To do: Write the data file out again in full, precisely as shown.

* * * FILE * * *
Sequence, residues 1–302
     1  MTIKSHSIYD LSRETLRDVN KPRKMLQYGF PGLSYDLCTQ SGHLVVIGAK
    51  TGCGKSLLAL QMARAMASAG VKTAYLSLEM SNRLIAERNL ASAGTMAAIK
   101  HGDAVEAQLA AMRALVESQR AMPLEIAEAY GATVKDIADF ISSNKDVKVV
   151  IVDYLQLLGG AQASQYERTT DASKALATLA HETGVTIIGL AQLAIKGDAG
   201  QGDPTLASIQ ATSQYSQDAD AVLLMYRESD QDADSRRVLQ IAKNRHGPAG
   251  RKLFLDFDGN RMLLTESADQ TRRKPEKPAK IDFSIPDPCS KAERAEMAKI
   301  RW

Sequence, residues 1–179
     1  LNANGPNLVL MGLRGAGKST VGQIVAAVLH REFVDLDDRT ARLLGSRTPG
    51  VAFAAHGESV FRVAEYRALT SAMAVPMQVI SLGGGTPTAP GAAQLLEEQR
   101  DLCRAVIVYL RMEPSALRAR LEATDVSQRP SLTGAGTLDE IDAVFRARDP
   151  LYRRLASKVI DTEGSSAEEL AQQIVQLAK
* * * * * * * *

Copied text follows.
Sequence, residues 1–302
     1  MTIKSHSIYD LSRETLRDVN KPRKMLQYGF PGLSYDLCTQ SGHLVVIGAK
    51  TGCGKSLLAL QMARAMASAG VKTAYLSLEM SNRLIAERNL ASAGTMAAIK
   101  HGDAVEAQLA AMRALVESQR AMPLEIAEAY GATVKDIADF ISSNKDVKVV
   151  IVDYLQLLGG AQASQYERTT DASKALATLA HETGVTIIGL AQLAIKGDAG
   201  QGDPTLASIQ ATSQYSQDAD AVLLMYRESD QDADSRRVLQ IAKNRHGPAG
   251  RKLFLDFDGN RMLLTESADQ TRRKPEKPAK IDFSIPDPCS KAERAEMAKI
   301  RW

Sequence, residues 1–179
     1  LNANGPNLVL MGLRGAGKST VGQIVAAVLH REFVDLDDRT ARLLGSRTPG
    51  VAFAAHGESV FRVAEYRALT SAMAVPMQVI SLGGGTPTAP GAAQLLEEQR
   101  DLCRAVIVYL RMEPSALRAR LEATDVSQRP SLTGAGTLDE IDAVFRARDP
   151  LYRRLASKVI DTEGSSAEEL AQQIVQLAK